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Equal Employment Opportunity Commission v. Rjb Properties

April 23, 2012

EQUAL EMPLOYMENT OPPORTUNITY COMMISSION PLAINTIFF,
v.
RJB PROPERTIES, INC., AND BLACKSTONE CONSULTING, INC., DEFENDANTS.



The opinion of the court was delivered by: Elaine E. Bucklo United States District Judge

MEMORANDUM OPINION AND ORDER

In this action, the EEOC brings claims: 1) on behalf of seventeen present and former employees of defendant RJB Properties who worked as janitors or janitorial supervisors at the site of one of defendants' clients, Illinois Institute of Technology ("IIT"); and 2) on behalf of five present and former employees who worked as janitors at Thornwood High School, which is part of School District 205, another of defendants' clients. In its complaint, the EEOC asserts that defendants discriminated against Hispanic janitors on the basis of their national origin, and that they retaliated against two African-American supervisors for refusing to do the same. The EEOC also brings a claim of sexual harassment on behalf of one of these supervisors.

Now before me are two motions for summary judgment. In the first, which is supported by two separate factual statements and two memoranda of law (relating to the "IIT claimants" and the "Thornwood claimants," respectively), defendants assert that none of the EEOC's claims of national origin discrimination should be allowed to proceed to trial. In the second, defendant Blackstone Consulting, Inc., ("BCI"), asserts that it should be dismissed from the case because it did not employ any of the claimants, and that there is no basis for liability under the theories that it was a single employer or a joint employer with defendant RJB. These motions are resolved as follows.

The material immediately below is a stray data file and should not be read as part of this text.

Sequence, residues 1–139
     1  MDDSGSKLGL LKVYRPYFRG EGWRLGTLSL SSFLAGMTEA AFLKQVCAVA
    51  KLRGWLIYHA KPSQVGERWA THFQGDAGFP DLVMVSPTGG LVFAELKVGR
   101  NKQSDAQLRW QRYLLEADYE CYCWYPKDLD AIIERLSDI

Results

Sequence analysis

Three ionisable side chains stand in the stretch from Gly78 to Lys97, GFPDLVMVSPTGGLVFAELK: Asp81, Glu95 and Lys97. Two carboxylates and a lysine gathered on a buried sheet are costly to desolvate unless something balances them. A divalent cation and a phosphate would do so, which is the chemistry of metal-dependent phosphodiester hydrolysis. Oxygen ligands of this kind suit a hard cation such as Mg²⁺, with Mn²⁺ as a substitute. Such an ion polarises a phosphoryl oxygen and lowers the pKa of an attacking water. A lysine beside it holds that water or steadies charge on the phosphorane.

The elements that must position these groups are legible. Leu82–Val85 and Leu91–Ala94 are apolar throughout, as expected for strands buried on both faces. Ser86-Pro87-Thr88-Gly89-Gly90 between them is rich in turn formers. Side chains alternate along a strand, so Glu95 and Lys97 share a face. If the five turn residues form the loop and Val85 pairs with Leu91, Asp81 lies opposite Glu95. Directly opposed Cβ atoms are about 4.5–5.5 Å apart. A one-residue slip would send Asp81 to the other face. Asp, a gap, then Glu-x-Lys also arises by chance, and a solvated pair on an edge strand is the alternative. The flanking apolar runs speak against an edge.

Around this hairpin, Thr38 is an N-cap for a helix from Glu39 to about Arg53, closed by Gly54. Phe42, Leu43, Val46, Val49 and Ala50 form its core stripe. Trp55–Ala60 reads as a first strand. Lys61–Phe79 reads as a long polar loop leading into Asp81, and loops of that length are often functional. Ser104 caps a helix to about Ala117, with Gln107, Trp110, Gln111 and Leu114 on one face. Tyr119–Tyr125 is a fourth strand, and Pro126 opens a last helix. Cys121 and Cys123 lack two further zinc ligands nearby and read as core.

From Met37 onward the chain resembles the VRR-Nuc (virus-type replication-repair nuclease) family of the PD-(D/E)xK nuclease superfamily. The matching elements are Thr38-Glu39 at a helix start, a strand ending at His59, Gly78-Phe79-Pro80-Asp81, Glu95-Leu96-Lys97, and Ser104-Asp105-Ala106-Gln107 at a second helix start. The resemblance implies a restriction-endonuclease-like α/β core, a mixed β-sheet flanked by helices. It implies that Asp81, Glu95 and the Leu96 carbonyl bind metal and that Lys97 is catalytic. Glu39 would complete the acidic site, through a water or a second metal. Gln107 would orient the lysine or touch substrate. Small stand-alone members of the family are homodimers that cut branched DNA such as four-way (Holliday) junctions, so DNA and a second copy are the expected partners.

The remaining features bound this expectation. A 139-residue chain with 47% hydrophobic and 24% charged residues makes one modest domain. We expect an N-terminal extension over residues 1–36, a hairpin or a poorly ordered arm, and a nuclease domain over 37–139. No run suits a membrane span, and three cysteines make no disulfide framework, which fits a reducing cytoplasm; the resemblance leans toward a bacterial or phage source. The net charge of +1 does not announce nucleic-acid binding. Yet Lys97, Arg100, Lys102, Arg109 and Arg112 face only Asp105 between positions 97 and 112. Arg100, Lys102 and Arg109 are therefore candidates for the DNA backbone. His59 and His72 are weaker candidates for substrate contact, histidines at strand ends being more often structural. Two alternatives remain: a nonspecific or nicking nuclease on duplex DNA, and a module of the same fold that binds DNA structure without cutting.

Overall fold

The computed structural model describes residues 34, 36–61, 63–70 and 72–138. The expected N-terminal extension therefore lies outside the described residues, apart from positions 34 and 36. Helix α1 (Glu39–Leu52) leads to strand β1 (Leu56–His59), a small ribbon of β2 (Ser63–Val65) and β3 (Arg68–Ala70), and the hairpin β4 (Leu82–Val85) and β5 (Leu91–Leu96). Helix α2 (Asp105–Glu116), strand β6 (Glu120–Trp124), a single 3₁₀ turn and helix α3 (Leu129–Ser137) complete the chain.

I. Background

A. The IIT Claimants

I address in later sections the EEOC's detailed allegations and evidence relevant to each claimant's particular claims. For a proper understanding of those, however, some factual context is necessary.

At the time relevant to the events at issue, RJB provided janitorial services to IIT pursuant to contract. The contract required that RJB implement and adhere to an equal opportunity employment policy. Four different classifications of RJB employees provided services under the contract: 1) "call-in" employees (also referred to as "replacement" or "temporary" employees); 2) "introductory" employees; 3) permanent full-time employees; and permanent part-time employees. Call-in janitors were not assigned to a regular shift or schedule, were not guaranteed hours, were not eligible for employer sponsored benefits, and were not members of Service Employees International Union (SEIU) Local 1, which represented RJB's permanent janitorial employees, and with which both RJB and IIT had a collective bargaining agreement (the "CBA").

The CBA governed various aspects of employee work life at RJB, including seniority rights, procedures for filling vacant positions, assignment of overtime, employee grievances, and wages and hours. Although not members of the union, call-in janitors were subject to the CBA in some respects, such as their eligibility for vacant permanent positions. RJB employees were also subject to an employee handbook, which sets forth additional policies relating to issues including employee work schedules, rest periods, overtime, attire, and discipline. With respect to discipline, the employee handbook establishes a progressive discipline policy: the first level is a verbal warning (which is memorialized in writing, and is sometimes referred to as a "written verbal warning"), followed by two successive written warnings, a three-day suspension without pay, and termination.